Just two and half months prior to the release of Rick Pitino’s latest book, Kentucky head coach John Calipari has announced that he will write a book. Very original, Cal.
Calipari’s book will be titled “Players First: Success from the Inside Out.” It is expected to go on sale in the spring of 2014. Excerpts from the book have recently been published online courtesy of ThePenguinPress.com. There is one excerpt in particular that really stands out.
Kentucky is college basketball’s legendary program. It has the most wins and the most devoted fan base. (I call them crazy; they watch more game film than I do.) I respect the hell out of the tradition—I’m lucky to be a part of it and I’ve got the best job in basketball—but I don’t do what I do for the commonwealth of Kentucky, for the university, for the legacy of the program, or for the greater glory of Big Blue Nation. There was a time I coached partly for myself—for status, respect, money, wins. But I don’t do that anymore, either. Good for those coaches who get to seven hundred, eight hundred, or even a thousand wins, but I’m not staying in it that long. I can promise you my record will not be on my tombstone.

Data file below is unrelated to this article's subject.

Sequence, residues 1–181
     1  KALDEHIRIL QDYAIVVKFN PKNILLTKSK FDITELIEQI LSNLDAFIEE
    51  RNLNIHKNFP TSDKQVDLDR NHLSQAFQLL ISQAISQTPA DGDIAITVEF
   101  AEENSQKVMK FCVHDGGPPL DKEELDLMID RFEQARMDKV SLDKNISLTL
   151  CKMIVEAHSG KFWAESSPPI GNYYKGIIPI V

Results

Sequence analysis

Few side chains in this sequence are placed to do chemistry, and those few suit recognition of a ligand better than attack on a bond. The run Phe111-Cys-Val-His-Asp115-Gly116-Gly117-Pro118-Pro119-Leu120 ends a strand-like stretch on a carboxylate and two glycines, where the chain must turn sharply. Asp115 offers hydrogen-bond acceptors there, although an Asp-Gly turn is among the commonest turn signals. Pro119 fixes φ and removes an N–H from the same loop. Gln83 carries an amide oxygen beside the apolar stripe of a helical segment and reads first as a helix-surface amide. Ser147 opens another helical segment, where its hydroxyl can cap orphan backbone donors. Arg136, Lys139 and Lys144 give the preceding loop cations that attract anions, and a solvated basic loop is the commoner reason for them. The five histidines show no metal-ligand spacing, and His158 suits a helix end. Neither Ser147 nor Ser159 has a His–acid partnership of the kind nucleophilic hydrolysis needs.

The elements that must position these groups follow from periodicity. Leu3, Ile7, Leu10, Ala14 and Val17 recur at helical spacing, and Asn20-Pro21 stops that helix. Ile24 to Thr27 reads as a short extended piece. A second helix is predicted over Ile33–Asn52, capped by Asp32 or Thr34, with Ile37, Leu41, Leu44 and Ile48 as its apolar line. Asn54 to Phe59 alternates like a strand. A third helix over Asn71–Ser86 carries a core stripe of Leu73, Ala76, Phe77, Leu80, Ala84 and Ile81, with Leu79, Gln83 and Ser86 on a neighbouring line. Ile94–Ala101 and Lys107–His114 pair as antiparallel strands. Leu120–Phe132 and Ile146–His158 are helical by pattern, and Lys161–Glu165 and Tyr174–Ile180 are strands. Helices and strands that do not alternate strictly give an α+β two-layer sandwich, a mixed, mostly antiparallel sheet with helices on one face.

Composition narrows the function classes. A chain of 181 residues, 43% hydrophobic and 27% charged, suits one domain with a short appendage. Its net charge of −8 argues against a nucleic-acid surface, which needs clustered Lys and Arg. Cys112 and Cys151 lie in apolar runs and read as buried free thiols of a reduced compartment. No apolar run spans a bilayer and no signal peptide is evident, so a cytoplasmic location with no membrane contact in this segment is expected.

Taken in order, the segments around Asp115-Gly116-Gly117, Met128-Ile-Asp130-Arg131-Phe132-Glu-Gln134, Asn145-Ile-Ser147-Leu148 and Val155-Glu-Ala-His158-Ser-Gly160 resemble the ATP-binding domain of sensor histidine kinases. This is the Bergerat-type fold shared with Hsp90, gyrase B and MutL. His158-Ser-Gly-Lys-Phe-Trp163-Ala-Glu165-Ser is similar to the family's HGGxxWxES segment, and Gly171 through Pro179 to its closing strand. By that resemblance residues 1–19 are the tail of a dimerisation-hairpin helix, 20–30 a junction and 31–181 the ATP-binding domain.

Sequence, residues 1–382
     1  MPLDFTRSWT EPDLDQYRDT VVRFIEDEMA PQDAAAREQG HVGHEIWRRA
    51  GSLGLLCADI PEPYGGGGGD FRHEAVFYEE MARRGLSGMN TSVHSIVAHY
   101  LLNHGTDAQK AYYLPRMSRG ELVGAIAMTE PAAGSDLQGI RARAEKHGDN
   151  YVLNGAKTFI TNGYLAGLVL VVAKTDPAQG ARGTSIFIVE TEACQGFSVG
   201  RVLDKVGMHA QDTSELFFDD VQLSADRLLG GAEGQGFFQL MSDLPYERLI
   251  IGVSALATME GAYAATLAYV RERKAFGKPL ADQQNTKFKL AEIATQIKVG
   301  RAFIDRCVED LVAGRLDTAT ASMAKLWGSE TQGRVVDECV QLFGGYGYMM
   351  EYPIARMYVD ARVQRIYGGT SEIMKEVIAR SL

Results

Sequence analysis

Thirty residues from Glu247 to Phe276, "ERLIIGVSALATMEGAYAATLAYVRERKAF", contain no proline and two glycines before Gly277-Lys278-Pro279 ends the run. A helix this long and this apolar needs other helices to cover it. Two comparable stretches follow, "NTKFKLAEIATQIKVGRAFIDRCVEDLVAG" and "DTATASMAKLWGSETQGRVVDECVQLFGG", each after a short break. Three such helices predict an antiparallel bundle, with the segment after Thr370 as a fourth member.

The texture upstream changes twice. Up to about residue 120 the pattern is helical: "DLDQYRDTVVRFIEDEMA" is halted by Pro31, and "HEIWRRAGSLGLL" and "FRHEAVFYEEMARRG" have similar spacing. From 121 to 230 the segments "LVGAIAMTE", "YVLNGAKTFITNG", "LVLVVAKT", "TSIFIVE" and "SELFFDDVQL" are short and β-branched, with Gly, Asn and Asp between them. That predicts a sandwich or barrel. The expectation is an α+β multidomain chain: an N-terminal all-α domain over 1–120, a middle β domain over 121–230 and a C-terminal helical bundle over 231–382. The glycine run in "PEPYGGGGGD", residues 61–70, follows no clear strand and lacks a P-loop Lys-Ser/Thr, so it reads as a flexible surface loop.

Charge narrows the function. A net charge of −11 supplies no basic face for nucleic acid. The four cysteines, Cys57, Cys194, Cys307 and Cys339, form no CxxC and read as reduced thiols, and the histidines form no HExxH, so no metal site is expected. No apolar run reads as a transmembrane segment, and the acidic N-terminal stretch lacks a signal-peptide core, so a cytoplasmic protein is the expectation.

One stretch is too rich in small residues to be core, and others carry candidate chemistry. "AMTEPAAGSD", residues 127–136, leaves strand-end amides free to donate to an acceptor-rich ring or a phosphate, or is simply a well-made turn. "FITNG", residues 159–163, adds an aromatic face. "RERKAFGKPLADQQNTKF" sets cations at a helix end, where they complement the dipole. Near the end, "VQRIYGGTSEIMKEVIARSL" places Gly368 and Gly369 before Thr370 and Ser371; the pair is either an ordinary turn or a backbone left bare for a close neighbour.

I coach for the names on the back of the jersey—not the front. My players. They’re sent to me by their fathers, their mothers, their grandmothers, their aunts—whoever in this world raised them and loves them. Others look at their NBA bodies and consider them lucky. Future millionaires, just stopping through before they cash in. That’s not what I see. They’re kids, some of them as young as seventeen. They all need me in a different way. Some want my affection, others my approval. It’s a burden to be responsible for other people’s children, sometimes a heavy burden.
This isn’t the first time that Calipari has made comments like this. Following his first season in Lexington, his team had five players taken in the first round of the NBA Draft. Later on that night Calipari called it the “best day in Kentucky basketball history.” His team that featured five first rounders was the perennial favorite for a national championship, but got upset in the Elite 8, by West Virginia.
Who am I to tell Kentucky fans how to react to this? However, one thing that is evident here is that there is a huge difference in the way Rick Pitino and John Calipari run their programs. Both have proven that their methods can be successful. We’ll see which one is more successful in 2014.